Signing Off from Senegal
My memories of the last eight months away from home are a jumbled mass of color, freedom, fear, patience, frustration, and energy – raw, shifting memories that have not yet arranged themselves into neat, packageable stories that I can pull from the shelf at parties when I get home.
I have tested my sense of self against new backgrounds, ripped away the familiar context of home to hold my idea of “Abby” up to bright new lights. I have sometimes been ashamed of my reactions to new stimuli, and sometimes proud. Catching myself swearing under my breath at street children who asked a little too aggressively for money was not my finest moment; insisting that the Kiva Coordinator not fudge the dates to make loans eligible for Kiva’s website redeemed me.
I have learned about how microfinance operates on a day-to-day basis and about the difficulty of managing work and relationships across distances and cultures. Telling an MFI employee she did not have the IT competency necessary to be the Kiva Coordinator and watching her eyes tear up was my first real introduction to the uncomfortable realities of managing people. These challenges of human nature, of judgment, failure and success, cross all cultural boundaries.
I have changed in many ways. After struggling for months with my pocket French dictionary, and then, this morning, listening to myself rattle off yet another training in French on sending journal updates to Kiva lenders, I felt like I had tangible proof of how I’ve grown since September. Other ways I’ve grown are less easy to put a finger on, and most will continue to be elusive for many months to come.
Throughout all these things, the most wonderful surprise was not something that came from my own growth or self-examination. It was the overwhelming kindness I have been blessed with along the way. As a young white girl traveling alone, navigating nine countries in eight months, flinging my 25-year old self into the unknown, I have had to rely on others who are more established, more experienced, and more knowledgeable at almost every step along the way.
Before I left, my friends and family pitched in generously to help bear the cost of my trip, and my ever-supportive, unconditionally loving mother accompanied me on endless CVS and Walmart trips in preparation. Then, selflessly, she let her daughter climb onto a plane.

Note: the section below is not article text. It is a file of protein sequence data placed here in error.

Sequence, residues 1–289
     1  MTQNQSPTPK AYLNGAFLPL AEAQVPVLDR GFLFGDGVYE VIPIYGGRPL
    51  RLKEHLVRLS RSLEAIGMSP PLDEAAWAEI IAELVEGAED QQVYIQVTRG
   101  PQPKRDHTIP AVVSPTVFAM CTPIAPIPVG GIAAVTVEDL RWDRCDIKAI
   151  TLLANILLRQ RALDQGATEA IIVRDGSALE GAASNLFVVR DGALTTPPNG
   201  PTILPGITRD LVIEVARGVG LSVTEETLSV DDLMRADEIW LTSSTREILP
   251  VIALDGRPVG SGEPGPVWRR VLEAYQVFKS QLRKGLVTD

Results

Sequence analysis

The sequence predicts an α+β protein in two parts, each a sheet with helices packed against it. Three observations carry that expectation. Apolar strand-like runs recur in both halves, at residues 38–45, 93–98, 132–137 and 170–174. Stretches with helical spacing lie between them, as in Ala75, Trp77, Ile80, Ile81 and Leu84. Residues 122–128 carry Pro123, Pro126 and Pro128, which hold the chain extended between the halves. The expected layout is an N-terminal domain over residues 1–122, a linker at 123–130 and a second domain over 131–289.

The family of a Togolese acquaintance from New York welcomed me wholeheartedly into their home, calling me “Ta-Ta” and fixing me a separate dinner every night because I didn’t like their gooey okra sauce. A South African friend cooked an entire turkey so that my Togolese family would have a special Christmas. My American compatriots welcomed me into their fold with beaches and Trivial Pursuit, movie nights and fresh, delicious salads. Jacques, the Kiva Coordinator, drove his motorcycle sooooooooo slowly over the potholes because he knew I was a little scared, and ate spaghetti with me for lunch whenever I wanted it even though he preferred the Togolese specialty of cow skin and pounded yams.
In Thies, the MFI’s chauffeur came to pick me up every single morning, and when asked me every single time how I was doing and if I had slept well, he really, truly, wanted to know the answer. In Mbour, the Director of my hotel was there to greet me, small, round and jovial, and overflowing with love and smiles, every single time I came home. In Dakar, my new friends welcomed me unquestioningly into their lives with endless generosity and laughter, a safe and happy way to end my great adventure.
If I’ve realized one thing about international development, that elusive struggle that all Kiva Fellows believe in, it’s that nothing truly significant in the world can be changed alone. As I struggled to accomplish my mission as a Fellow, even the smallest acts of kindness gave me safe places to catch my breath in between the scary jumps into the unknown. Countless hotel employees, waiters, and taxi drivers gave directions, led me places, smiled,
and asked how I was doing. Every time someone went out of their way to help me, I gave thanks to the universe and pledged to repay the kindness.
Thank you to all the good Samaritans who have helped me along the way, including my friends and family, my MFIs and their clients, the Kiva Fellows, the Kiva staff, and, last but not least, the Kiva lenders, whose generosity and initiative make Kiva’s vision a sustained, energetic, and hope-filled reality.